Teens shot hours before mayor's event

August 31, 2011 (CHICAGO)

Chicago's Woodlawn community is getting a $30 million grant to help improve conditions in the neighborhood.

The secretary of the Department of Housing and Urban Development was on hand to make the announcement. It was greeted with both hope and skepticism by people in the community.

There is hope, because Woodlawn residents welcome any help they can get, but skepticism because so many past redevelopment efforts have failed. Others wondered if the elected officials were doing some pre-election year politicking.

There was no street in Chicago Wednesday with more political big shots on it than the 6200-block of South Cottage Grove. Housing Secretary Shaun Donovan from Washington was joined by U.S. Senator Dick Durbin, Congressman Bobby Rush and Mayor Rahm Emanuel to announce a $30 million federal grant to help redevelop the Woodlawn neighborhood.

"We are going to make a difference in Woodlawn. Rest Assured, we will make a difference," said Donovan.

"Of course, we knew that President Obama would never forget his hometown as long as Mayor Emanuel, Senator Durbin, Congressman Rush were there to remind him," said Durbin.

HUD chose Woodlawn for the grant hoping to build on the success of the newly-constructed Grove Parc Section 8 apartments.

But some Woodlawn residents told ABC7 the need in their neighborhood is jobs, as they remembered other government programs that failed.

"We're sick of the dog and pony show," said community activist Rev. Andre Smith. "We're sick of the entertainment that pops up because of the election to give you a great speech. Our community is suffering."

"The hundreds of jobs it's gonna bring, all of the hard hats we see here, that's what we're celebrating," said Donovan.

But many of the hard hats Secretary Donovan saw were plastic props worn by men who say they can't get construction jobs in their own neighborhood.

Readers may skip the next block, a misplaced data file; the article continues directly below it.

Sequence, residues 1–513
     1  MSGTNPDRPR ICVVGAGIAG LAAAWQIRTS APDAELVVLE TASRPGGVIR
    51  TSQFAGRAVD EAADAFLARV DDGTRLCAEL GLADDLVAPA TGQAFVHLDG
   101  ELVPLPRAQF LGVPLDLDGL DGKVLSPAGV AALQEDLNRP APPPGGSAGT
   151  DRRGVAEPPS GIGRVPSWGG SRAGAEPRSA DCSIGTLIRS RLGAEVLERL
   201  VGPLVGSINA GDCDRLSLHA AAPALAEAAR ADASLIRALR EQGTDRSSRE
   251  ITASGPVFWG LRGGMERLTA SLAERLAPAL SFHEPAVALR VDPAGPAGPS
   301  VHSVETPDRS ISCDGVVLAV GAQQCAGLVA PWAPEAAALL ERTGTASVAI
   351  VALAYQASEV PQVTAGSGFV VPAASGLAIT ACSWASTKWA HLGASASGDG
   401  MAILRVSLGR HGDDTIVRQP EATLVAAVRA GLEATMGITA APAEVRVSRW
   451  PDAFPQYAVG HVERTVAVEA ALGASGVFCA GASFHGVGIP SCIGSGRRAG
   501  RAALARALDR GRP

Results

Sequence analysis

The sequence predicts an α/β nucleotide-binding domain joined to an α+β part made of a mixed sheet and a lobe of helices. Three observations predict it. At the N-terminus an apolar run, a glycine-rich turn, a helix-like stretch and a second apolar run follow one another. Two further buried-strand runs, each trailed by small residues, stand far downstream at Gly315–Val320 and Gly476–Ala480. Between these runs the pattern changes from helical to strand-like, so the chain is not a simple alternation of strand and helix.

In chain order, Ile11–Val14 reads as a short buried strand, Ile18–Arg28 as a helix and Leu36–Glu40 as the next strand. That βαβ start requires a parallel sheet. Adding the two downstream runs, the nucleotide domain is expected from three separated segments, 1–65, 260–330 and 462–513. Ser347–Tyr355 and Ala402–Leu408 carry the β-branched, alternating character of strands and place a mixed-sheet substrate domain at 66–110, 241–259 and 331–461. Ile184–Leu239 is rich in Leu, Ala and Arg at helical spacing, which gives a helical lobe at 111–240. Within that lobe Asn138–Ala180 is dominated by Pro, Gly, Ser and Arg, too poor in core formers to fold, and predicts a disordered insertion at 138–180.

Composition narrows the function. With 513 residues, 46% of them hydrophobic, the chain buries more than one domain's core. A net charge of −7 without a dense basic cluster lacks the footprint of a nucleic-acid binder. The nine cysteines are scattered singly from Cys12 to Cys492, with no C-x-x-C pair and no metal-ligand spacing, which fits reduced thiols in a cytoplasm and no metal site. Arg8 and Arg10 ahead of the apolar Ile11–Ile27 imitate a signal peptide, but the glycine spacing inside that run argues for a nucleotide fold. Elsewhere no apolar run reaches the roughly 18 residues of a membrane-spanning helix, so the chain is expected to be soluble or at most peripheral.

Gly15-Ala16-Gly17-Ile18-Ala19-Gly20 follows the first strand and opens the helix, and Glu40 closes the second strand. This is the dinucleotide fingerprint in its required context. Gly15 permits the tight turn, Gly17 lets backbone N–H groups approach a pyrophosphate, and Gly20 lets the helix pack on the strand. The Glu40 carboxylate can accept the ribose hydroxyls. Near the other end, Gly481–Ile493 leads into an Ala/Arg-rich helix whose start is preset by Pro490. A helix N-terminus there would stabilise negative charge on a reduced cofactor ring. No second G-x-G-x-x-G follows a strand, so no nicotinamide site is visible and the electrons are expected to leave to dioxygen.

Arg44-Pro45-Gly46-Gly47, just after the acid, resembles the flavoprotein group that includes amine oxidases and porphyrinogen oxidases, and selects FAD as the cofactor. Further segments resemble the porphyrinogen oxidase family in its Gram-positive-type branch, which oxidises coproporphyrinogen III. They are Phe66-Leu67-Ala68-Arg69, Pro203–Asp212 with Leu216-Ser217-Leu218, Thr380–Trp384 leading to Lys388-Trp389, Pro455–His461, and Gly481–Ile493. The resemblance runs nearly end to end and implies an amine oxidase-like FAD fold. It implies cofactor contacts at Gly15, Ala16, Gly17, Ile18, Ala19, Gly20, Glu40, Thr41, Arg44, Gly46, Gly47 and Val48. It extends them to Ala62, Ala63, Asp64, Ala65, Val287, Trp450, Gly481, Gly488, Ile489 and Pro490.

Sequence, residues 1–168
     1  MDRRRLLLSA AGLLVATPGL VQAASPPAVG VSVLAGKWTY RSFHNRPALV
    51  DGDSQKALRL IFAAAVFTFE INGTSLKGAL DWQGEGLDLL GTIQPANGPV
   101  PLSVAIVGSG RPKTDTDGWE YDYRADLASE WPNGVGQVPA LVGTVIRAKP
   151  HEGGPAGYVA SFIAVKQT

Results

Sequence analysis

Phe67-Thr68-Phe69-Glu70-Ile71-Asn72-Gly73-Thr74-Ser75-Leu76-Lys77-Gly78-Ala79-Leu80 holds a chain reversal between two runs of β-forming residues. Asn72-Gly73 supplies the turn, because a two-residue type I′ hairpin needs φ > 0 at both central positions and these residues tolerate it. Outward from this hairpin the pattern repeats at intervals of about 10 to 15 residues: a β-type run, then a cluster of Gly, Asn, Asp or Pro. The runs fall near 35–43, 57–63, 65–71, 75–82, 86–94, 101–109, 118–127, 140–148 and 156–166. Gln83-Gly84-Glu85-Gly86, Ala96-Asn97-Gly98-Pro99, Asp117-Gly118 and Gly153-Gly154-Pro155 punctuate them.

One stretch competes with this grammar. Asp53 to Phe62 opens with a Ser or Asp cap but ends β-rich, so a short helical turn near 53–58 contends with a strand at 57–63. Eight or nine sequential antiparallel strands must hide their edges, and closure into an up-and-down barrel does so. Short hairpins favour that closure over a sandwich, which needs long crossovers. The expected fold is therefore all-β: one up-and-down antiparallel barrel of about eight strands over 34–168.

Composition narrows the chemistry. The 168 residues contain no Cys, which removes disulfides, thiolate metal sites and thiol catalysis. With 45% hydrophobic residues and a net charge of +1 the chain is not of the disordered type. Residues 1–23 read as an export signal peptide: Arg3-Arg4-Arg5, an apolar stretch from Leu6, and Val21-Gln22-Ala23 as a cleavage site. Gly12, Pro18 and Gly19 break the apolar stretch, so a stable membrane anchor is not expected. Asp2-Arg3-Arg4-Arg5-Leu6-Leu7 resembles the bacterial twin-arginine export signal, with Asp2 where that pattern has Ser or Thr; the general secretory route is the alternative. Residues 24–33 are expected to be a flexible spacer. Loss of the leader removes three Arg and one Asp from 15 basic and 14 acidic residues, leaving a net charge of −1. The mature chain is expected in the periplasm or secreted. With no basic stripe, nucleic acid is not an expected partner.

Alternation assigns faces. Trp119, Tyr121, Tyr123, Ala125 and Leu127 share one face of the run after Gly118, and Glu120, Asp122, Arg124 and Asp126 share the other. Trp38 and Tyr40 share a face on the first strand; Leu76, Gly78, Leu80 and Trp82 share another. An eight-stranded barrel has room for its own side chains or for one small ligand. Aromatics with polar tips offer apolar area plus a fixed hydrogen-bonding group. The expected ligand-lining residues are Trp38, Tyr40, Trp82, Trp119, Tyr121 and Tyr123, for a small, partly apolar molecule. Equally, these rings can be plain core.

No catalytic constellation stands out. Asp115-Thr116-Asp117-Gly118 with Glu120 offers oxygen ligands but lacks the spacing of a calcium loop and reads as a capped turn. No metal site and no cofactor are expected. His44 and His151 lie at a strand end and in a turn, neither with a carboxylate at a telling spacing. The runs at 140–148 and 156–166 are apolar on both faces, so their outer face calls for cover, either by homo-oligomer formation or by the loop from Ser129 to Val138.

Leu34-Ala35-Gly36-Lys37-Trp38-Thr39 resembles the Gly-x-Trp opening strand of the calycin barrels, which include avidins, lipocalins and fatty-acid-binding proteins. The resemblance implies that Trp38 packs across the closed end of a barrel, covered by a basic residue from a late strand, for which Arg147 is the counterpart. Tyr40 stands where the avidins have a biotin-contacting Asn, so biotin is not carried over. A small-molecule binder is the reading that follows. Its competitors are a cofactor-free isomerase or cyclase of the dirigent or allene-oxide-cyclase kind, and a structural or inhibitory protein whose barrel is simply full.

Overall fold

"This right here is plastic, but it's people out here with the real hard hats on too," said Woodlawn resident William Minter.

"We want to make sure that we send a subtle message that we're expecting some jobs," said Rev. Leon Finney of the Woodlawn Organization.

The grant would focus on a neighborhood only three blocks south of the University of Chicago, which last week pledged to invest over a billion dollars of its own money in nearby development.

"Anchor it, strengthen it and allow it to build beyond these four walls," said Mayor Emanuel.

But crime -- including an overnight quadruple shooting only blocks away from Wednesday's ceremony -- remains a problem.

Chicago police say the shooting happened at approximately 9:30 p.m. Tuesday. One or more shooters fired several shots at the teens while they were on a porch.

An 18-year-old was shot in the lower back. The other teens were shot in the legs and thighs. All were hospitalized in serious to critical condition early Wednesday but were expected to recover.

And, when development does happen in Woodlawn, residents wonder who will get the work.

"I think it's an insult to build and have developments in front of people, in front of the residents and not allow them to work," Rev. Smith.

Congressman Rush noted the federal money arrived in Woodlawn before Wednesday's event with Secretary Donovan.

There are also concerns about the University of Chicago's development plans. Will people who live in West Woodlawn today be able to remain there if property values and taxes begin to rise dramatically?

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